Interesting, but hard to follow accent for me.

I've recently got back into chess playing again after decades away. Recently I stumbled upon Agadmator's channel on Youtube [0] where he gives fast, insightful, no nonsense breakdowns of famous and not so famous chess games. Love his deadpan style, and also how he goes beyond the actual game to analyse 'what if' scenarios or explains why a player resigned in some games.

[0] - https://www.youtube.com/user/AGADMATOR

But why didn't he capture the rook????

This came up in the "Twitch Plays Go" discussion here on HN this morning. It's a terrific concept. And am definitely stealing it ;)

Highest vote count amongst N players decides move choice. Player votes can even be weighted by "success" based on past performance.

But rather than chess, which is a fully deterministic, perfect information game. I'd really like to apply it to stochastic games. And see how adept crowds can be at finding an equilibria.

Not a chess expert by any means, but I think ca 1999 was probably a kind of sweet spot for this kind of match because the internet was sufficiently mature to allow for sufficient people to participate, but most participants would not have been able to run a grandmaster level chess engine on their home PCs. I could imagine use of chess engines would make such a "human" crows much more powerful these days?

> but most participants would not have been able to run a grandmaster level chess engine on their home PCs

Pretty sure your phone is more powerfully than any human that has or might exist at chess.

Fairly sure humans can no longer assist a computer (human + computer <= computer)

So not really sure what you'd prove today?

It was also pre-lulz. The hive mind these days has seen the value in humor over original intentions.

I was reading this article earlier today, and had the same thoughts patio11 was having in 2008. https://news.ycombinator.com/item?id=392524

Nice to see it's survived for so long.

At the time I was involved in the Computer Chess Team and wrote the post-game summary for slashdot.org. I still like to analyse the game with the latest versions of Stockfish when they come out, with whatever EC2 hardware I can get hold of.

The problem with the Wikipedia article is the subjectivity of how the "?" and "!" annotations on the moves are handed out - sometimes they are quite wrong.

The clearest example in the article is the fact that 37... e6 loses and thus it deserves a double question mark, because 37... e5 draws. Anybody who downloads Stockfish and the six piece table bases can see that very quickly in 2018, but I suppose Wikipedia requires an "authoritative" published source on that before it can go into the article. Similarly on the next move, 38. Rd1 wins, whereas Kasparov's 38. h6 only draws. So that also deserves at least a question mark. (perhaps Chessbase should do an article on it)

Other dubious annotations are 18... f5 when 18... Bd4 is a clear draw (also in the Kasparov and King book) and perhaps 26... f4 when 26... Bc5 was better (in "Reinventing Discovery" the author writes about this move choice quite a bit).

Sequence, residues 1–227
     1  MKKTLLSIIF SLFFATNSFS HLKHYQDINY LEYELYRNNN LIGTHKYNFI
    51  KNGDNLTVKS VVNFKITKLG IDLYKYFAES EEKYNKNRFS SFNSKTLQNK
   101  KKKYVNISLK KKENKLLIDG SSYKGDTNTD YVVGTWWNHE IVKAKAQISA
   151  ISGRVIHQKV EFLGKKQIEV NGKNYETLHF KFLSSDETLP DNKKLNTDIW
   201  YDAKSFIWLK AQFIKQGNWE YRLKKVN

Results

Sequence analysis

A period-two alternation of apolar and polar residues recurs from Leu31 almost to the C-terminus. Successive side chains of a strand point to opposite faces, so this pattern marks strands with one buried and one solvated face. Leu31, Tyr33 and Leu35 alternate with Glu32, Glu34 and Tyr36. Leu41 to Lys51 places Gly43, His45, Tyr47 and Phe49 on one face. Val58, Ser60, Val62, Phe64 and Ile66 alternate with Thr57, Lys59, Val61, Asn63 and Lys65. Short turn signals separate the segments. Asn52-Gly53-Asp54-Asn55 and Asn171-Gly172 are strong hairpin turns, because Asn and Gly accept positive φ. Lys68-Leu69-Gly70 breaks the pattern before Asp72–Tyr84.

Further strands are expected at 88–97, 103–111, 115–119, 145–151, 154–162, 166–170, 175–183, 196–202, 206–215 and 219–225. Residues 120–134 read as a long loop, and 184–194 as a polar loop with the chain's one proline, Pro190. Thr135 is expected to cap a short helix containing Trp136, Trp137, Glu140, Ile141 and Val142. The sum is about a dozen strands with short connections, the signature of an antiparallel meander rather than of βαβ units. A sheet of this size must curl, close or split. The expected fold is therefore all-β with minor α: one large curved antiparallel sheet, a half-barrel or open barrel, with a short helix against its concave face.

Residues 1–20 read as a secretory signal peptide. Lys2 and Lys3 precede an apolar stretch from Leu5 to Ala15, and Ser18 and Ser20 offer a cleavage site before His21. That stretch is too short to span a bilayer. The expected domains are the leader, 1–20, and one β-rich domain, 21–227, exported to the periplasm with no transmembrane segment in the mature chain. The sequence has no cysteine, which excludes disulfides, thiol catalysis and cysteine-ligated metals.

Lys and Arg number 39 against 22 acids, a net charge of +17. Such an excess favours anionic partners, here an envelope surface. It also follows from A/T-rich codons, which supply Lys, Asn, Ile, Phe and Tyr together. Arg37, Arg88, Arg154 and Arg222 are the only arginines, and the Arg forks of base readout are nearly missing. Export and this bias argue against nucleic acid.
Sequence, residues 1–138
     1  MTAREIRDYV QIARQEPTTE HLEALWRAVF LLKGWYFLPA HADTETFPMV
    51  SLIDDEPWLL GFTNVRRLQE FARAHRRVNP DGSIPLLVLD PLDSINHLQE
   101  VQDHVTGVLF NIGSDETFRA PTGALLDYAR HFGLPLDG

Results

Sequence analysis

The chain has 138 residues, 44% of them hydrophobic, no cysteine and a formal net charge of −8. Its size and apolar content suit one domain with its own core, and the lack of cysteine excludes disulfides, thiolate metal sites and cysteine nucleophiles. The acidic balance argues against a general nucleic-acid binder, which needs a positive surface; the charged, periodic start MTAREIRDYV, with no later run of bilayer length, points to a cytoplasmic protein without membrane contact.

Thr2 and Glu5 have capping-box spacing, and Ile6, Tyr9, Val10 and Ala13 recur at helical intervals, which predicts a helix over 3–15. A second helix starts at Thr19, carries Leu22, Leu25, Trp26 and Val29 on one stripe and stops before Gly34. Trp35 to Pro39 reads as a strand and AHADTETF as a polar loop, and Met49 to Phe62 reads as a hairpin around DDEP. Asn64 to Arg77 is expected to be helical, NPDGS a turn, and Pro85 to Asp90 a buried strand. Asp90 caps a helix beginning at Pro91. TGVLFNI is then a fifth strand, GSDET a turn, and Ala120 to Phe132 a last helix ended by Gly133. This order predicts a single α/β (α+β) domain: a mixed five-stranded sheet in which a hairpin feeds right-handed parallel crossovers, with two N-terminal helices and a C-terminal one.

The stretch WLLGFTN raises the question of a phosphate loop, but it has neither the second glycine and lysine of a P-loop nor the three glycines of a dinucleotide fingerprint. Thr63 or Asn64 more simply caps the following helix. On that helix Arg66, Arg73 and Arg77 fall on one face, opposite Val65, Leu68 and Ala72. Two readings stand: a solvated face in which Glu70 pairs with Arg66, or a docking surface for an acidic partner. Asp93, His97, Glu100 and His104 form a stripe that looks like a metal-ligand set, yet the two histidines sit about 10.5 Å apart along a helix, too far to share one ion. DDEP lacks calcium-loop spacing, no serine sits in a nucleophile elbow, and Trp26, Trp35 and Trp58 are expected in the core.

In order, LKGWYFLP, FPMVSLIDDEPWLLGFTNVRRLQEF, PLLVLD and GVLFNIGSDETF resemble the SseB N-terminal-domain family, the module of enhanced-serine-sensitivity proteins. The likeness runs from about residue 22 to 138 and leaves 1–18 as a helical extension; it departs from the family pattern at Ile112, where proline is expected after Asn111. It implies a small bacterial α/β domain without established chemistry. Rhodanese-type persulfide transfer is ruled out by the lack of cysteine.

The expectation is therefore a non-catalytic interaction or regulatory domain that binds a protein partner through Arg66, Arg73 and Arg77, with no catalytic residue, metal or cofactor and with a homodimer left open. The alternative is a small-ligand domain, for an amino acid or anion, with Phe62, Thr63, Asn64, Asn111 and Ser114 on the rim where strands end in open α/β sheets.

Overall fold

I’m not saying it applies, here, but there also is a psychological aspect to chess annotations. Annotators may mark a move as good even if they think or even know better moves against optimal play exist. It isn’t fair to expect human chess players to play optimally.

For example, Mikhail Tal’s made multiple sacrifices that won him games even today get a ! annotation from reviewers, even though they aren’t optimal (https://www.chess.com/forum/view/general/how-should-one-go-a...)

I'm no chess player, but that's a cool hobby you have to revisit the game. Throw an analysis up on Medium and post it here, or share it with a chess magazine, and maybe that will be authoritative enough for Wikipedia.

This reads better than any action book out there

It is said it was a computer error that helped it win against Kasparov.


I'd watch if someone created this for Go, only the format is 'the world vs the world'. Have a timeframe for voting on the next move, then make the next most upvoted move, then repeat.

Maybe that would feel to much like playing on your own, and not seem very fun. If you could give each “player” an indentifiable characteristic it might be bring out some weird psychologycal effects. Either something kind of abstract like red v blue, or something more anthropomorphic like boy v girl.

There is Babylon 5 episode about the conflict between Drazi of "green" and "purple" characteristic (2x03, coincidently? one of the more important episodes for the overall story arc). Last week I was reminded of this while thinking about Ingress and it's green vs. blue "conflict" (which is wonderfully designed such that taking the in-game fights into meatspace will gain you nothing in comparison to settling them in-game).

I can't help but think of the Byzantine factions, the Blues and the Greens.

In a riot sparked by a chariot race[0], half of Constantinople was destroyed.

[0] https://en.wikipedia.org/wiki/Nika_riots

I'd be really interested to see this again but utilizing the surprisingly popular algorithm (Bayesian truth serum)

Twitch plays chess